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Researchers predicted in the past that what was labeled then computer crime would occupy the attention of criminologists, legal scholars and political scientists alike, among many other fields. This statement became a full fledged reality as nowadays cybercrime has become a major security issue and an important concern in most countries: at the same time, this crime phenomenon is often committed with no national boundaries, thus more difficult in its control and prevention.

If cybercrime differs from traditional street crime, evidently the legal approach (both substantive and procedural) must be different too if compared to more traditional offences. As such, countries struggle to find the right legal approach and balance when regulating this type of illicit conducts (as seen in the lack of criminal statuses or the absence of enforceable mutual assistance provisions, to name a few examples). Again, the transnational nature of cybercrime reflects on how cybercrime legislation is affected by the absence of jurisdictional boundaries, thus the need for the creation of international conventions such as the Council of Europe’s Convention on Cybercrime, adopted in 2001.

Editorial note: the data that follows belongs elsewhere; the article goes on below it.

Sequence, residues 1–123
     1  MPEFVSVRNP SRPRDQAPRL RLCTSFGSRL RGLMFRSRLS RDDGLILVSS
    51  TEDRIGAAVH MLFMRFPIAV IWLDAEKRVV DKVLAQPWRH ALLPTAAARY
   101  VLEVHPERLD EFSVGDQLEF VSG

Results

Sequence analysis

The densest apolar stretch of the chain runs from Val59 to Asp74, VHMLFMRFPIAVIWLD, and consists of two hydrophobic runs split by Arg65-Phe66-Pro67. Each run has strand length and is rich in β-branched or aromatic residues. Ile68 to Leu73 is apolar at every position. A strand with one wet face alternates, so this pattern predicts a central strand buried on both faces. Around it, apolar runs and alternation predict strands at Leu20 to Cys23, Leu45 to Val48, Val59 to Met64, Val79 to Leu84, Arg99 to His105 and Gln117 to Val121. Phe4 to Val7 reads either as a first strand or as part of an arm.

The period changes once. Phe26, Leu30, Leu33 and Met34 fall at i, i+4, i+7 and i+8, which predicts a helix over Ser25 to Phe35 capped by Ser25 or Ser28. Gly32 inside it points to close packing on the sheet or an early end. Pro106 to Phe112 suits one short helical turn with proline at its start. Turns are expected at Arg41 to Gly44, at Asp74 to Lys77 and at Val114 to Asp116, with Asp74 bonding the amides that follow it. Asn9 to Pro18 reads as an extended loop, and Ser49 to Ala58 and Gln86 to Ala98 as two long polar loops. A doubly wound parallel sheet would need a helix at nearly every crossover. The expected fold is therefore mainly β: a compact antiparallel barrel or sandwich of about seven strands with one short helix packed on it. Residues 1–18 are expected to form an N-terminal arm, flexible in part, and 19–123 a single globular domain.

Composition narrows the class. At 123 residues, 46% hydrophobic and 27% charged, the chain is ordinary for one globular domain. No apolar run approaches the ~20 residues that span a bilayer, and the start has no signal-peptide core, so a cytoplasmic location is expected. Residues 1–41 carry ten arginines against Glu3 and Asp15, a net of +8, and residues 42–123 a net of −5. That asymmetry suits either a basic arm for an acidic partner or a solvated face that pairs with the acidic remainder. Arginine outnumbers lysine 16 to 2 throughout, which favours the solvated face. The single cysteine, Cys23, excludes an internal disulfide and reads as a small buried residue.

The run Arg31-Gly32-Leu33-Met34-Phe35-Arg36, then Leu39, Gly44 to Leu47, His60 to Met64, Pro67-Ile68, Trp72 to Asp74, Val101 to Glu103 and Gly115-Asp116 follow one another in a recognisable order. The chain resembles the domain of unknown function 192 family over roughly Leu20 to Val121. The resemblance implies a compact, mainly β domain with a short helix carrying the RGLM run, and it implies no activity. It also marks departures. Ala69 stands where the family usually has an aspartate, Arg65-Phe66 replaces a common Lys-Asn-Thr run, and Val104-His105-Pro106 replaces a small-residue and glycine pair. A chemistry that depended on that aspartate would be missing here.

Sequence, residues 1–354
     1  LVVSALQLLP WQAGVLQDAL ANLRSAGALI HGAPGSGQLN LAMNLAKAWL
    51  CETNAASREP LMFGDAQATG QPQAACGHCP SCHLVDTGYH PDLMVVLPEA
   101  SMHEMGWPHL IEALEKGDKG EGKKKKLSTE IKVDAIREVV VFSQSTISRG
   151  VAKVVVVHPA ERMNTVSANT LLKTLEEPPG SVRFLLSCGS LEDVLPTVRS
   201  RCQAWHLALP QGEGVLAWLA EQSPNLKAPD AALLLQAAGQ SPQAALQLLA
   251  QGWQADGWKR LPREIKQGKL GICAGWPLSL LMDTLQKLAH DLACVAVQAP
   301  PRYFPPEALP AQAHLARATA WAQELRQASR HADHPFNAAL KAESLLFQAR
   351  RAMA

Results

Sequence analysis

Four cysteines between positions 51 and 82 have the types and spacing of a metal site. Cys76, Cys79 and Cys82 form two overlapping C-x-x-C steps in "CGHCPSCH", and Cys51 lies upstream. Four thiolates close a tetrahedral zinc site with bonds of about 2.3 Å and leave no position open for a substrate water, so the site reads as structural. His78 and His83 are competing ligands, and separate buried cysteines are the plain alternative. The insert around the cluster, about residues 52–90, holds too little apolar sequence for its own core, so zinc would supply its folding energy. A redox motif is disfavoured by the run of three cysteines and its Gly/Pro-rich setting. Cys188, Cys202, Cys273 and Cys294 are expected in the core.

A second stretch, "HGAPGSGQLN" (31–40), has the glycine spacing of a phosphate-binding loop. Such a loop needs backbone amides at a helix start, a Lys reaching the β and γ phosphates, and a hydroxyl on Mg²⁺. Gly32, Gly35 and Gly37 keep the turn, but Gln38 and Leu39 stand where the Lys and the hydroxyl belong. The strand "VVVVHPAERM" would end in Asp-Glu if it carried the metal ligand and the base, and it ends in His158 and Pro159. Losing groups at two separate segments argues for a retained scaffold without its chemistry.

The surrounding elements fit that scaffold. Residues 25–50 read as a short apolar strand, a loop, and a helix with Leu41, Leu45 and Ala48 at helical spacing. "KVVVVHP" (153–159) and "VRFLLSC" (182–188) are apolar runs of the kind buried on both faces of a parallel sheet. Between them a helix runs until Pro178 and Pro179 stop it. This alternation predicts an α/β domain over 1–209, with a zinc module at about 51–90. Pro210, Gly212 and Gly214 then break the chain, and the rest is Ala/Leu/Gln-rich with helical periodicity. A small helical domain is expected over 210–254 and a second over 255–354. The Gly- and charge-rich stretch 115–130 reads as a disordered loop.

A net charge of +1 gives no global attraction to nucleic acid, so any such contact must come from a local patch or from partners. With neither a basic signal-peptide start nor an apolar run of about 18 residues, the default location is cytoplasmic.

Finally, issues regarding political science, and more specifically criminal policy, include the capacity of countries to prevent and control this multifaceted phenomenon, as its threats target both institutional sectors and critical infrastructures of a state. Policy making has been responding to the usage of technology by criminals instead of preventing cyber attacks that are becoming more and more sophisticated: therefore, policy challenges must be twofold and promote secure cyber environments while fighting cyber crime.

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Faculty of Law and Political Science - UOC

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